Exploring the Role of Attachment Style in the Relation between Family Aggression and Abuse in Adolescent Dating Relationships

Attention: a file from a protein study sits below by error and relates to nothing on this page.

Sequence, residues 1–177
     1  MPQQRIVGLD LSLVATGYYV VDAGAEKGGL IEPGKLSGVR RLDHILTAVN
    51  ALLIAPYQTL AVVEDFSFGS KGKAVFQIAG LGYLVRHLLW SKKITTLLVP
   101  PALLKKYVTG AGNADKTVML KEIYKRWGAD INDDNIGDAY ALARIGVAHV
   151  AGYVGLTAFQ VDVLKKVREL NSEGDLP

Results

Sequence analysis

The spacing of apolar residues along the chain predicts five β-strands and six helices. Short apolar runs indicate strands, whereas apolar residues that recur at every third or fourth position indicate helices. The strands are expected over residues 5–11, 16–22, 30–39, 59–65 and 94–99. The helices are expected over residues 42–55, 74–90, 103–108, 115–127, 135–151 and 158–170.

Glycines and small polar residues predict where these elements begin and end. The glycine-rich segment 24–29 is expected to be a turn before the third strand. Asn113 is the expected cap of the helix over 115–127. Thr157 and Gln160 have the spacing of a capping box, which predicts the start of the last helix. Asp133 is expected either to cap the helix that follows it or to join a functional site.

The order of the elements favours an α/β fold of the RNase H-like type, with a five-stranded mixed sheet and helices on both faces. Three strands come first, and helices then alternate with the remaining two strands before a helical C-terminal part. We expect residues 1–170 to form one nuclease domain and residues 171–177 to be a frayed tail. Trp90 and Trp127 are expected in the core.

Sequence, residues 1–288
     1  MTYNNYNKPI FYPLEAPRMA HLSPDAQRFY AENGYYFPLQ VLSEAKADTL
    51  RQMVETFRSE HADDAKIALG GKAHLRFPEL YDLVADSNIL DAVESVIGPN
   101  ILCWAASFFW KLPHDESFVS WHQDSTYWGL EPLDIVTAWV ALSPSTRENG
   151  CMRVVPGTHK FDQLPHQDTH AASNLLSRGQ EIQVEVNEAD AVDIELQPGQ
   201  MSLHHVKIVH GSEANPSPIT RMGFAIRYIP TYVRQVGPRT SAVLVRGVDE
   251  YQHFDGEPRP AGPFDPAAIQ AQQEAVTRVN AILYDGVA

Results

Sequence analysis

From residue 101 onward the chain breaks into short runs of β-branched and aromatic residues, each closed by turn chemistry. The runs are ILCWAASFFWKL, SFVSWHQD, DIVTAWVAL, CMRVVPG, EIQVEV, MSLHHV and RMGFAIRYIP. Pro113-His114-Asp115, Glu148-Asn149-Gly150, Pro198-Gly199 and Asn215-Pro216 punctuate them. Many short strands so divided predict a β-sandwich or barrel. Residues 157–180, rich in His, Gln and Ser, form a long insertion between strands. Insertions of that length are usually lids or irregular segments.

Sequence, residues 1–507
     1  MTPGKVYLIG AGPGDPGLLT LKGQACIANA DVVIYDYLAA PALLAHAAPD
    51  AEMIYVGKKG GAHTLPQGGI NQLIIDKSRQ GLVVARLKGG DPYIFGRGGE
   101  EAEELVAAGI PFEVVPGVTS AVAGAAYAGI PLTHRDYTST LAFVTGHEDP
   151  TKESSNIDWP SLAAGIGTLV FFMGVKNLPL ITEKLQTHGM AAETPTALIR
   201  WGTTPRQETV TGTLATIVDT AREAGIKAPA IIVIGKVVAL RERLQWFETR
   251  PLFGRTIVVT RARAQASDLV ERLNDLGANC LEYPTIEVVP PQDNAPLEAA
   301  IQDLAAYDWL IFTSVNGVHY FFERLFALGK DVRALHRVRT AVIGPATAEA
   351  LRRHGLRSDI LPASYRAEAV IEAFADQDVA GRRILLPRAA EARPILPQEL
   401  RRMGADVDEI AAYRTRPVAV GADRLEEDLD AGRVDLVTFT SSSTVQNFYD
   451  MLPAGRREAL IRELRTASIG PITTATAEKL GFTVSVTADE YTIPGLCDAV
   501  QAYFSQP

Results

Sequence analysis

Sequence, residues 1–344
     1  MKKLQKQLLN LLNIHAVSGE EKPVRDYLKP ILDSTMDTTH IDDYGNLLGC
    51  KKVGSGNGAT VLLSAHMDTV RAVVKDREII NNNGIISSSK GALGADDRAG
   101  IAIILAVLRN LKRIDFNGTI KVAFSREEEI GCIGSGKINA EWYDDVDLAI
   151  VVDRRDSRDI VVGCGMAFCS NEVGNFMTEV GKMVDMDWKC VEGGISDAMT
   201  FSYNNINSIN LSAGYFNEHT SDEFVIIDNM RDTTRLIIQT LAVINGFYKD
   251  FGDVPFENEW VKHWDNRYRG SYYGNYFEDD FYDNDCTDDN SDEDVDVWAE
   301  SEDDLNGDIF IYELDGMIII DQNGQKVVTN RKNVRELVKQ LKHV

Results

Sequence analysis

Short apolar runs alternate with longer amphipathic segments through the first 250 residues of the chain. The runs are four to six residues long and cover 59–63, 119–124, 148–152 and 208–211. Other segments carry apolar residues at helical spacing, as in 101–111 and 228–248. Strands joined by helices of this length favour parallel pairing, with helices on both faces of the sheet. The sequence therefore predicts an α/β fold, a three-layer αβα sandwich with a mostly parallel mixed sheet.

These authors investigated (a) romantic attachment style as a potential moderator of the link between family aggression and dating aggression, and (b) its relations with two documented mediators of the impact of interparental conflict on dating behavior (beliefs about the justifiability of aggression, and anger regulation). Participants were 391 high school students (age 14 to 18 years) who were diverse in terms of both ethnicity and socioeconomic status. Attachment style was a significant moderator for boys and girls, but the pattern of results differed by gender. In general, attachment anxiety was a more consistent predictor than avoidance of boys' dating aggression, cognitions, and emotions, whereas anxiety and avoidance both acted as significant moderators for girls. These results suggest that youths' romantic attachment style can amplify or attenuate the impact of family aggression on abusive behavior in dating relationships by influencing their beliefs about the acceptability of aggression and their ability to regulate anger. The authors suggest two additional directions for further research. Modified Author Abstract.